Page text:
I will never be safe I will never be sane

Today I have to put on my big sister cap. It's not a cap I wear often or easily. I'm eight years older than my younger brother, which from a psychological standpoint means we're basically only children. It means when I moved away from home he was still a brat and when I moved back he was at least half a foot taller than me. He might be a full foot now.

I'm going to do something I really don't do that often on this blog, I'm going to talk about family stuff. Yes, I've talked about my father a lot, but mostly those posts have been about grief, not about time spent with him, or the specifics of my relationship. Yes, you can find allusions in some of my posts, and in the post my mom wrote, about my childhood. You can find self deprecating remarks about codependency, the ease with which I put up emotional armor or the fact that most people think I'm a lot harder than I am when they first meet me but there aren't a whole lot of intimate details. In real life, I talk about these things. Some. Almost as a defense mechanism at times, I am not the friend you can ask if it would be nice to be a kids again and I am not the friend with whom you can make sweeping judgements about drug or alcohol abuse. Those are things I am upfront about because those things hurt me.

My little brother is at one of those ranches where they send kids who've gotten caught with drugs too many times. He got caught with pot and ecstasy, at a school where he had an "A" in tie dying class. Just sayin. One of the first letters he sent me talked about how most of the kids had done way worse stuff than him and I thought "No shit Sherlock" because I was working at a group home, with those kids. My feeling about him being there aren't really what matters though. What matters is that he wrote me a letter asking, to quote him "some therapeutic questions". Questions that I've berated myself for the last few months for not talking to him about sooner. Questions about my childhood, my choices to not use drugs, my experience with therapy.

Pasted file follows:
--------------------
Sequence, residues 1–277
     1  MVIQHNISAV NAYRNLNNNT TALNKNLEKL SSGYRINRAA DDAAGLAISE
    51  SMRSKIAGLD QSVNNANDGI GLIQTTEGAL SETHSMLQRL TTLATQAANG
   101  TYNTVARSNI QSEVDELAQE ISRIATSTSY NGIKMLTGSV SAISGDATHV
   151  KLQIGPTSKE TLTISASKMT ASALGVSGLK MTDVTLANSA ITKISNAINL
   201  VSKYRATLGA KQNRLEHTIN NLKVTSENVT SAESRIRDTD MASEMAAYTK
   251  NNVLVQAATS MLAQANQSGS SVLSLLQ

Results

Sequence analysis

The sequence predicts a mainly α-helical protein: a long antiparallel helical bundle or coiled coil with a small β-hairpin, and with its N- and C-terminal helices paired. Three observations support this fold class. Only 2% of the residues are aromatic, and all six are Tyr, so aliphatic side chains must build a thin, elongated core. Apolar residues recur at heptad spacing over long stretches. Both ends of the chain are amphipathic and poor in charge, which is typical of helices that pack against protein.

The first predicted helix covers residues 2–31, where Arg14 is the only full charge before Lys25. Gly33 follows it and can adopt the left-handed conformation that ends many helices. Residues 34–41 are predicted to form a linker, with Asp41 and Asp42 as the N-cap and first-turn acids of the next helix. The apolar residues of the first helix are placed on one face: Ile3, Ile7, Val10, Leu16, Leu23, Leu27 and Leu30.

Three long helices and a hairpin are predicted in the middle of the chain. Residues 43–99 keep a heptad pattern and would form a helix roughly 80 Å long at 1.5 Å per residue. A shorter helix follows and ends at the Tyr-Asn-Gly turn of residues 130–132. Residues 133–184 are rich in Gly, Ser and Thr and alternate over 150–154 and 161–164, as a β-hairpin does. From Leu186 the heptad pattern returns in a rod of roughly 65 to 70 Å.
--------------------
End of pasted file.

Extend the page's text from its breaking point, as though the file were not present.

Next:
It's really easy to tell the upper middle class kids I grew up with, my childhood was not the same as theirs, but how do I tell that to my little brother? And how do I say it without resentment?

I don't do drugs because I remember mornings where no amount of shaking could wake up my mother to get her to take me to school. I don't do drugs because I remember waiting for hours, sometimes days for my mother to reappear and then, when those days turned into months and those months turned into about two years, I remember days when I wondered if I'd ever see my mother again, if she was still alive. I don't do drugs because I lived my life terrified that if I wasn't perfect somebody else in my life that I loved would disappear. Or maybe everyone.

How do I explain to my little brother that it was an easy choice because at the age where somebody was still cutting his french toast for him every morning, I was getting myself up and ready for school and hoping there was enough money that we had milk for my cereal that week? How do I explain that when our mother came back into our life, for me it was the most wonderful thing ever and absolutely terrifying? It was years before I was able to live without fear of her relapsing. How do I explain to him that the reason I was always cool and distant and hard was that life started out a little rough for me and that I was jealous and resentful that he didn't understand how lucky he was?

And most importantly, how do I say I'm sorry? I'm sorry I wasn't there more. I'm sorry I didn't explain all these things sooner. I'm sorry I never told him why we were raised by Grandma and Grandpa. I'm sorry I never explained to him how risky it is for him to do drugs given that both his parents are addicts and our mother used while she was pregnant. I'm sorry I never asked what it was like for him to be raised by somebody other than his biological parents. I'm sorry I didn't speak up when I watched him being handed off to different family members knowing how much it had hurt when the same was done to me. I am sorry for not being a better sister and protecting him like I should've.

I am not an apologetic person. I am not one for regrets.

Today I am drowning in both.